Twelve state lawmakers sent a letter to the Florida Fish and Wildlife Conservation Commission’s (FWC) executive director Nick Wiley this week, urging him to consider allowing limited bear hunting in some parts of Florida. The request comes after two headline-grabbing bear attacks in the state, including one incident earlier this month in which a woman was dragged from her garage by a black bear.
“What I’m concerned about mainly is that this continues to happen without intervention and the bears walk up on children who are playing and drag them off into the woods,” State Representative Jason Brodeur (R-Sanford) told The Orlando Sentinel.
Terri Frana, 45, was retrieving bikes from her garage on April 12 when she encountered a group of bears outside her Lake Mary home—wildlife officials believe that the bears were there to scrounge food from the family trash. The encounter took a turn for the worse when one of the animals began mauling Frana. She was able to escape and seek shelter inside the house, suffering bite and scratch marks to her head, arms, and shoulders.
The attack on Frana came months after what officials called the worst bear mauling in the state’s history. Last December, Susan Chalfant, 54, was walking her two small dogs in Longwood when a young black bear knocked her down. Chalfant was found by bystanders and rushed to a hospital with severe facial injuries.
The FWC has been working in the last few weeks to track down the bears that attacked Frana, which has led to the capture and euthanization of five black bears that had grown too accustomed to human contact. In the letter sent to Wiley, lawmakers pushed for increased bear safety education, steps to put more bear-proof containers in neighborhoods, and a limited hunting season in certain “hot spots.”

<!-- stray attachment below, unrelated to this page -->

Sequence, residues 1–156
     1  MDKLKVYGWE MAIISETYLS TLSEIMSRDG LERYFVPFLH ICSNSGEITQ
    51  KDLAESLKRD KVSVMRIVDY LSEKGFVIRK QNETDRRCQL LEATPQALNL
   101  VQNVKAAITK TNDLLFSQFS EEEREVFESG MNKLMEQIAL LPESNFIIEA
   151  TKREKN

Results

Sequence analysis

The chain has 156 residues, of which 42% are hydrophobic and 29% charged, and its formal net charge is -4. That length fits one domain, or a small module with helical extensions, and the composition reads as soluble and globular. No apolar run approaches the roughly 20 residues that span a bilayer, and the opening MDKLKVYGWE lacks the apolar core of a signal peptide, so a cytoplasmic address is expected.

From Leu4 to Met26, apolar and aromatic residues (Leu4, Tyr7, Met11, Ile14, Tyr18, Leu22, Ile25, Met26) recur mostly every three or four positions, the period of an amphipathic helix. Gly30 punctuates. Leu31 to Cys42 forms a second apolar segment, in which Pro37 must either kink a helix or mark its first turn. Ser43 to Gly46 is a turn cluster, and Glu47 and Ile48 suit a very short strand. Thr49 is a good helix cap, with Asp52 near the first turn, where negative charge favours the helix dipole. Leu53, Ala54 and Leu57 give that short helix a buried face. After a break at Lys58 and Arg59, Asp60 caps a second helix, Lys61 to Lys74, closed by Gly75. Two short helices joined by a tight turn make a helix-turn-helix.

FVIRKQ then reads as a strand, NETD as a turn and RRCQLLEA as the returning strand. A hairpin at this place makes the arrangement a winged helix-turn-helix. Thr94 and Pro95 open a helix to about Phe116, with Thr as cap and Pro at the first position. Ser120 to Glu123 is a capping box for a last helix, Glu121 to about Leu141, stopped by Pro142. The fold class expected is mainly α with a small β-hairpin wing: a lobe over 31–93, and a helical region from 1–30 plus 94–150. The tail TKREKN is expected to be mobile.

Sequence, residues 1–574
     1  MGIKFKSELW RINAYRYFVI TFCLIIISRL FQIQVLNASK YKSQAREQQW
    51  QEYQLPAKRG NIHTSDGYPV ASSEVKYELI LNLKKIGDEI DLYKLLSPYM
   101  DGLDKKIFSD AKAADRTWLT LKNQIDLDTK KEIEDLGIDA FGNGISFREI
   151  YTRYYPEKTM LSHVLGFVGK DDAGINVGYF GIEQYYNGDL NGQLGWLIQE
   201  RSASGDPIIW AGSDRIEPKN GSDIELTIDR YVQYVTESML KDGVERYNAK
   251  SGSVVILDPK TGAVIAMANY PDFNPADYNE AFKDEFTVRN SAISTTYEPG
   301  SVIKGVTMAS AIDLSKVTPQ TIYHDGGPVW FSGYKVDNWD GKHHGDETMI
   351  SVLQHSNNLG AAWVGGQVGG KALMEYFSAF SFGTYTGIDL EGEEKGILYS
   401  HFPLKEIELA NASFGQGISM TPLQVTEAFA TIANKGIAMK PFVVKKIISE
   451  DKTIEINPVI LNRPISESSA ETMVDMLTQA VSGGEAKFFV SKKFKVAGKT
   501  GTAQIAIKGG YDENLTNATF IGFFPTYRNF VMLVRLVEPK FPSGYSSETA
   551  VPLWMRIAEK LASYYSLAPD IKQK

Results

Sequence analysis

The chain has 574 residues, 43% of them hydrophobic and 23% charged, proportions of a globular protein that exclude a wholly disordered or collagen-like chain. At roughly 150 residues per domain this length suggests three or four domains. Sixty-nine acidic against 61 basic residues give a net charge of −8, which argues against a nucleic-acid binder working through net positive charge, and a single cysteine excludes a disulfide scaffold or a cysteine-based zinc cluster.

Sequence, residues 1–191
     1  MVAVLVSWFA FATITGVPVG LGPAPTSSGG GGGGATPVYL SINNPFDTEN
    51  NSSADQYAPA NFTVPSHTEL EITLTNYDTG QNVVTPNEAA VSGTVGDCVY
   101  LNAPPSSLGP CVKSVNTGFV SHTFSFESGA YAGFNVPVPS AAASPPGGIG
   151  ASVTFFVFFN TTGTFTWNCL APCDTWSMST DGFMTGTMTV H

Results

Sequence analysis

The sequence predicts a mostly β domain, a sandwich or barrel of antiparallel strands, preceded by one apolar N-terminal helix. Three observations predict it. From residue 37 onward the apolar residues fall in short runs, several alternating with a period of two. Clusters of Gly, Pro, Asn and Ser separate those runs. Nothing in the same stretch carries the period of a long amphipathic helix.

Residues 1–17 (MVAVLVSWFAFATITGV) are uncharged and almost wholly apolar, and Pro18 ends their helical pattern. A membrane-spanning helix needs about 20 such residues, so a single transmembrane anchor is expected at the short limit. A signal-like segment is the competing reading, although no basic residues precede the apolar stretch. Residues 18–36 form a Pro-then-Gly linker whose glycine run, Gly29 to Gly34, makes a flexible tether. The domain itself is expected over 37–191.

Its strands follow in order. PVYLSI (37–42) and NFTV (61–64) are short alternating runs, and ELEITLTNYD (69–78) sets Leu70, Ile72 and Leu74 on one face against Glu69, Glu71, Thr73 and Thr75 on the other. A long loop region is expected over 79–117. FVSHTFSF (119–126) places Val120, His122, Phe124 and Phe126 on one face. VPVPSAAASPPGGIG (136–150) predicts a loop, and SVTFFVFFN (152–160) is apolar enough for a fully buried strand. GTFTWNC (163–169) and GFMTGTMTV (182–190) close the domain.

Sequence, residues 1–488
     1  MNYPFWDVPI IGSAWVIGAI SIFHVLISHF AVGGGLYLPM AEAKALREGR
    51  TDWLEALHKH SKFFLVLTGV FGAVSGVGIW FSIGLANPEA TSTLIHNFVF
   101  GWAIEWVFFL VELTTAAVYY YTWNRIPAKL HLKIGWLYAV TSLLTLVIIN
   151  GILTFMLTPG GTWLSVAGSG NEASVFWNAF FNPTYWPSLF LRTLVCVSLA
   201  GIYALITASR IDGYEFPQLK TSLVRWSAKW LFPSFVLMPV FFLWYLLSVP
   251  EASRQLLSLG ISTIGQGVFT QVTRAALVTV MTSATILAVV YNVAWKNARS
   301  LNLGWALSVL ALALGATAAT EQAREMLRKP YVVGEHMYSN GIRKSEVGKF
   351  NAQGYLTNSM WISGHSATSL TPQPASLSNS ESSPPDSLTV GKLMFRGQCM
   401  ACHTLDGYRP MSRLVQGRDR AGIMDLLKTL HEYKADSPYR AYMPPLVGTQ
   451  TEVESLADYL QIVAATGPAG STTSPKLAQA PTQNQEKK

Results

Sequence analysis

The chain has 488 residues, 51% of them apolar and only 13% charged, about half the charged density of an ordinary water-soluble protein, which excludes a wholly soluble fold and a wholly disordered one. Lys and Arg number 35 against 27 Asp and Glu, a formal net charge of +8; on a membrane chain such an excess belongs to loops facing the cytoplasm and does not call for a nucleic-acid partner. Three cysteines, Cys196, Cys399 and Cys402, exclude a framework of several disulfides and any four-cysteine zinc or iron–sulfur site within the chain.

“If there was limited harvesting done there, it would ease pressure on the area and bears would flow more to the north,” Brodeur told WESH-TV.
Florida banned bear hunting in 1994 due to a swift decline in the state’s black bear population. The animal was considered a threatened species as early as 1974, when there were less than 300 bears still roaming the state. By 2014, biologists estimated that the population increased tenfold to over 3,000.
FWC director Wiley said that he is considering the lawmakers’ suggestions and noted that management hunts can be a useful tool.
“I saw the letter as helpful,” he stated. “They offered up a broad range of ideas they thought were really important for us to consider.”
Other legislators and some animal advocacy groups say that hunting is not the answer. Critics say that it is not Florida’s number of bears—which is lower than some other states—that is the problem, but rather how people come into contact with the animals. Both sides agree that bear safety awareness is vital for people living in bear territory.